And remember, it’s not just guests who are at your wedding — it’s waiters, the officiant, the coordinator, the photographer, and so on. Gregoli says if couples are going to require guests to be vaccinated, vendors should be asked the same courtesy. “You cannot host an event that requires guests to be vaccinated and not include all the service personnel and team members as well,” she adds.

Make it clear on your website, save the dates and invitations. 

The best place to start the guest communication about your vaccination request is with your wedding website. Since this houses all of your wedding details, it can be an excellent place to explain your request and the reasoning behind it in a respectful and heartfelt way, according to destination wedding planner Jamie Chang of Mango Muse Events in Los Altos, California. “Writing a short letter to your guests will illustrate how you feel, why this is important to you and why you need their help to achieve it,” she recommends.

And though you can hope your community will understand and comply, Chang says you should also give them an out, so they don’t feel pressured. “What you’re doing is sharing your feelings and decisions and then leaving each of them to make their own decision,” she adds.

And remember, not every guest will visit your wedding website, so the same information needs to be in the save-the-date and/or your invitation. “Having a little note included with a short explanation and directs them to the website is a good option,” Chang says. And, just so you cover all of your bases, don’t forget to send out an email to remind them of these requirements, too.

Have a strategy for receiving proof of vaccination. 

Once you put the stake in the sand that vaccinations are required, you’ll need to have a plan in place to track this information. Wilson says one way to require proof of vaccination would be to hire a company specializing in the execution of safe events. “That can include everything from acquiring the proof of vaccination before your wedding to temperature checks at the door and signage throughout your event space to a post-event health follow-up to ensure they remained safe and COVID-19 free,” she says. “This way, your guests feel like they are being taken care of by a professional, and it removes some of the awkward personal aspects from a sensitive topic.”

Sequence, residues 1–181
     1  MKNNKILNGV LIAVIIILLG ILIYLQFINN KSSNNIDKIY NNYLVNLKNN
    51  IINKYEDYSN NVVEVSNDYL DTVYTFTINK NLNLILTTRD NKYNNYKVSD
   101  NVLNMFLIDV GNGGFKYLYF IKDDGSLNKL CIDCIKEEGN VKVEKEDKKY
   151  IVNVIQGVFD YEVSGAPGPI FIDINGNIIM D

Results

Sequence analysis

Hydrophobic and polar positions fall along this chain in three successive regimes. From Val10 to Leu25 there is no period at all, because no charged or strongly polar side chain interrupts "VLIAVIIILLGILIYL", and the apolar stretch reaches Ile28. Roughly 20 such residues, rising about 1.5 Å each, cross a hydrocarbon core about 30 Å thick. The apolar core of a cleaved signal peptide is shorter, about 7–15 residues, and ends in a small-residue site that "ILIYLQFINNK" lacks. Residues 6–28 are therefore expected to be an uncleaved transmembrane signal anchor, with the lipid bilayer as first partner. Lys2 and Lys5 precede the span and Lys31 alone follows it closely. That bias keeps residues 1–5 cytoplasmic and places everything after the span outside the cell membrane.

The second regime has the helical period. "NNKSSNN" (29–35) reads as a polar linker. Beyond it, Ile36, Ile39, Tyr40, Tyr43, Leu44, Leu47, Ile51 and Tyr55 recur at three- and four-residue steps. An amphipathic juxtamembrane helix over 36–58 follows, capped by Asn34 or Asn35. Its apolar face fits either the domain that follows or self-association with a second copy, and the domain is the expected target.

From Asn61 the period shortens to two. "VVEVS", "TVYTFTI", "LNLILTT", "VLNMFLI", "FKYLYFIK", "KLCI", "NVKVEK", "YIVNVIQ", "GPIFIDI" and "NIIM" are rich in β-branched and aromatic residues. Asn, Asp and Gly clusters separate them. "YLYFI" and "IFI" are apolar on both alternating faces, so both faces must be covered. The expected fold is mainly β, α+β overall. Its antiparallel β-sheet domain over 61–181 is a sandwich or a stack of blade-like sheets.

If you would instead handle that task yourself, Wilson suggests politely asking for your guests’ vaccination status by adding a link to your wedding website or on your RSVP card. “By simply communicating with your guests that their safety while celebrating with you is your utmost priority and making it a mandatory part of your RSVP, they can simply submit it as part of their number of guests attending, meal choice, and song request,” she adds.

Remember, vaccination doesn’t mean fewer safety protocols.

Tutera reminds couples (and their parties) that if you require vaccinations at your wedding, it doesn’t absolve you from implementing other necessary COVID-19 safety protocols. “Neglecting to implement event safety protocols, like mask-wearing and social distancing, could set your event up for failure on many levels,” he says. “Over the past 14 months, we’ve implemented incredibly effective and valuable safety protocols in all our events and will continue to do so this year.”

It’s personal, so make it that way.

Remember, this is a personal choice that carries emotion and anxiety for many, so when you communicate it, be as candid and honest as possible, says wedding planner Jodi Harris of Sight and Sound Events in Las Vegas, Nevada. “You could say a loved one suffers from a medical condition and is susceptible to catching COVID-19, and you want them actually to be at your wedding. A required vaccination is a good way to have them in attendance safely,” she suggests. Or, to take it a step further, make a video message that explains your reasoning, which creates an intimate touch for your friends and family members.